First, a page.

(WARNING: This article contains spoilers for Seoul Station and Train to Busan.)
The South Korean zombies-on-a-train blockbuster #TraintoBusan is without doubt one of the best Asian films of 2016. The pulsating horror flick, which depicts a zombie outbreak on a bullet train, marks the live-action debut of #animation director Yeon Sang-ho (The King of Pigs, The Fake). Thanks to its runaway success, much attention has now turned to the maverick helmer's other #zombie feature, the animated #SeoulStation.
A smaller-scale production, Seoul Station was actually produced circa 2014/2015 and premiered at international film festivals before Train to Busan in 2016. But as the latter was understandably adjudged as better popcorn fodder by Korean film distributors, Yeon's third animated feature was only theatrically released after Train set box office registers ka-chinging around the world.
Although touted as a prequel to Train, there is no character crossover from Seoul Station into the live-action feature, and the source of the zombie outbreak in both films is actually quite different. The only similarity is that the undead action starts at the South Korean capital's central railway terminus where one can take a train to Busan. While Train functions purely as an #horror action thriller, the slower-paced Seoul Station is more of a social commentary, as Yeon uses the premise of a zombie pandemic to highlight contemporary social issues in his native country, such as glaring misogyny, homelessness and heavy-handed tactics by the local armed forces.
Seoul Station follows four protagonists over the course of a turbulent night as a mysterious outbreak unleashes amidst the homeless who seek shelter nightly in the titular subway terminus, located at the heart of the city.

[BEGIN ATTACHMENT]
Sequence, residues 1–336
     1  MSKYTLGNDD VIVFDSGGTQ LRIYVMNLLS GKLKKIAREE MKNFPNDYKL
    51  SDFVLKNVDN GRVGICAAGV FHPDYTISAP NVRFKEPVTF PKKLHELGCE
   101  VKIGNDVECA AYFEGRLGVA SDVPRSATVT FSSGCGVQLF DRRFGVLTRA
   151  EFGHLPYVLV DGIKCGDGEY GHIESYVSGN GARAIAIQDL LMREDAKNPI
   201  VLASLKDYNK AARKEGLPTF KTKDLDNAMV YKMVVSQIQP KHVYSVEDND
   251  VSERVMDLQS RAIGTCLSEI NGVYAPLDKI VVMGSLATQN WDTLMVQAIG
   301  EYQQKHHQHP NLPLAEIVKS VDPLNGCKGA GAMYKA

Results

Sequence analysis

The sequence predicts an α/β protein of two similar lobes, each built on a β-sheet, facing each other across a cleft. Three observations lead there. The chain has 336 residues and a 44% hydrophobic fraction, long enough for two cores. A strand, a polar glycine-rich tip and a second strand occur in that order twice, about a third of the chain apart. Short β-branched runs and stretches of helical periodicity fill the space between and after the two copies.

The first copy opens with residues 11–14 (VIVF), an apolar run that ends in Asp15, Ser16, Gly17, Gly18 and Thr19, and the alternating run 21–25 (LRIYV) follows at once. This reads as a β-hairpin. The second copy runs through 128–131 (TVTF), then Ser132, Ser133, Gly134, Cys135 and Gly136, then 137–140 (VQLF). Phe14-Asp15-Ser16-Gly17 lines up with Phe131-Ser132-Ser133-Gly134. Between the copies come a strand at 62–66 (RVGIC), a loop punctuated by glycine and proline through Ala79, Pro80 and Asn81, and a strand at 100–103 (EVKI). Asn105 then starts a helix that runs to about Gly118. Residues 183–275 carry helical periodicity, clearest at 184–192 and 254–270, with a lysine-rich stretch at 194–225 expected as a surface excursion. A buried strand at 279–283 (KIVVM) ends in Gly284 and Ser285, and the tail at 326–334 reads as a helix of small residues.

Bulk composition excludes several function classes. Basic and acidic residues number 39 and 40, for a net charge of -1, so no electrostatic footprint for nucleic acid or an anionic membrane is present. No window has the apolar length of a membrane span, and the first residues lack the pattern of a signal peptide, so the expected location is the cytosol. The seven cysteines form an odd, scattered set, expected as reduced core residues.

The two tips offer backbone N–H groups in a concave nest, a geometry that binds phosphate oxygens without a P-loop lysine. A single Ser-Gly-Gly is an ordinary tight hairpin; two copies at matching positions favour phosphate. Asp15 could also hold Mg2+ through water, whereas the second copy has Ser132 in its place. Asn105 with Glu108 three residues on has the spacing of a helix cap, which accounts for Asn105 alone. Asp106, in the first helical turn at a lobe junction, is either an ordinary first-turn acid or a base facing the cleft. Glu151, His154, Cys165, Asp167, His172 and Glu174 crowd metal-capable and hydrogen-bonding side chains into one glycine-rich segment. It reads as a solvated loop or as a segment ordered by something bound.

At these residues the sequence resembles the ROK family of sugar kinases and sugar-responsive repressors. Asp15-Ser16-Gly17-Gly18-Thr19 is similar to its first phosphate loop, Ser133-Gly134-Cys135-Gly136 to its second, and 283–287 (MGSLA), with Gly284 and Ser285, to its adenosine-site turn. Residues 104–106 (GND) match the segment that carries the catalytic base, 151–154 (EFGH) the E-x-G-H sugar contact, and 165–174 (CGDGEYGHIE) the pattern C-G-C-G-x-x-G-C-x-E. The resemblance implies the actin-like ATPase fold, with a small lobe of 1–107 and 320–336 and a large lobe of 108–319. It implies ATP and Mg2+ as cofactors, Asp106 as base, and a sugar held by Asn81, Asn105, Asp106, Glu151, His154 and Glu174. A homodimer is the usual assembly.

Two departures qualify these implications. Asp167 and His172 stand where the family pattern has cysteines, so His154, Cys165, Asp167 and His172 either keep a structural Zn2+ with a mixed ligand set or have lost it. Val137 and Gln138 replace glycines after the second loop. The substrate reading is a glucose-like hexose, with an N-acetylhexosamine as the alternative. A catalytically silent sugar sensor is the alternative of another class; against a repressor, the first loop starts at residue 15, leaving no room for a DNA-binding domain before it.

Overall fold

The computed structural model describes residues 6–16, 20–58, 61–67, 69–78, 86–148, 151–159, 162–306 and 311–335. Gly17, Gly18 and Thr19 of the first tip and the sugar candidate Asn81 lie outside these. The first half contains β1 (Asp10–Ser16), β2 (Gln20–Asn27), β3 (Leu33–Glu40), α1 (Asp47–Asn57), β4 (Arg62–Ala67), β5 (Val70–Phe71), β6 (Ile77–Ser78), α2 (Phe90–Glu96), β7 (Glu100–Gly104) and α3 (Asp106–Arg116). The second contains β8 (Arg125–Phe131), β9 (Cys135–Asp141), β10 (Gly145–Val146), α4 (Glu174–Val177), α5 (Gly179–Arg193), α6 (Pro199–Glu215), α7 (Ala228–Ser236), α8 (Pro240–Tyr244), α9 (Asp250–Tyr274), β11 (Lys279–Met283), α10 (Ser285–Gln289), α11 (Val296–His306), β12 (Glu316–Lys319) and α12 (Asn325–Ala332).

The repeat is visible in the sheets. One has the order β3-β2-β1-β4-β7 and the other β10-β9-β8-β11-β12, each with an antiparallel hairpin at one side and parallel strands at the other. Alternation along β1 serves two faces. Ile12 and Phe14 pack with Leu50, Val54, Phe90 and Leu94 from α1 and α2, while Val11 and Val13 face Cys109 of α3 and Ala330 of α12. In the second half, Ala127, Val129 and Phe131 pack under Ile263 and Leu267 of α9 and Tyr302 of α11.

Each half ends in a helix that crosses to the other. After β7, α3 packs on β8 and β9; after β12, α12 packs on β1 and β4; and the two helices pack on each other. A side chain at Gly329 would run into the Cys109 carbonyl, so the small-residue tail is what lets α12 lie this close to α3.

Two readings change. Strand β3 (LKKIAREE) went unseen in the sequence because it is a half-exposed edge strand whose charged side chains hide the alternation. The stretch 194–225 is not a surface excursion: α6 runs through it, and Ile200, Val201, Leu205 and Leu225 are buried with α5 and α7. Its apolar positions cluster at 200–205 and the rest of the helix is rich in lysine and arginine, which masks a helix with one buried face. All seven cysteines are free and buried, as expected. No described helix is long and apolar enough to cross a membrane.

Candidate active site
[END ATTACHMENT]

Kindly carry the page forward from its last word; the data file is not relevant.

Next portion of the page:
Sole female protagonist Hye-sun (voiced by Shim Eun-kyung) has just escaped a brutal life as a prostitute when she discovers that her good-for-nothing boyfriend Ki-woong (Lee Jun) has been pimping her online as a means to pay the rent. Devastated, she seeks shelter at the central railway station only to be caught in the midst of the first wave of the undead uprising. Seeking refuge at a police station, she and fellow outcast (Jang Hyuk-jin) narrowly escape a zombie attack and together proceed to find a way to survive the madness erupting in the city.
Meanwhile, the cowardly Ki-woong is forced to search for Hye-sun with her estranged father (Ryoo Seung-ryong) after the latter threatened to kill him if Hye-sun is not found. As the four protagonists dash around the city, which is getting more and more chaotic by the minute, they run into yet another obstacle.
As if escaping from flesh-eating zombies isn't hard enough, they now have to face state soldiers fully armed with machine guns and water cannons, and stationed behind barricades that restrict the survivors within the Seoul Station vicinity — alongside the ravenous undead — so to contain the pandemic.
'Seoul Station': A Tale Of Social Ills
As a zombie flick, Seoul Station does not offer many new elements for audiences who are used to a diet of zombie carnage in big-budget, live-action productions the likes of 28 Days Later and The Walking Dead. Also, cartoon zombies, as gruesome as they may look, are really not quite as scary as their live-action counterparts. To director Yeon's credit, however, there are moments of gripping suspense, while the protagonist's fear of the unknown can be acutely sensed right down to a wretched finale.
As a social commentary, Seoul Station's zombies offer a unique way to present humanity issues of a modern society such as prejudices against women and the homeless, and ruthless authorities' measures.
It would be unfair to compare Seoul Station to the action-packed Train to Busan. As an animated feature, it is still a visually captivating, thought-provoking offering that complements its successful sequel. If anything, thanks to Yeon, Seoul Station offers an indication that Korean animation may one day reach the high standard of their Japanese counterparts, just as Train to Busan has proven that Asia can produce high-voltage action thrillers on par with the best of Hollywood productions.
Watch the trailer for Seoul Station here:
Do you have the urge to watch Seoul Station?
(Sources: hollywoodreporter.com, scmp.com)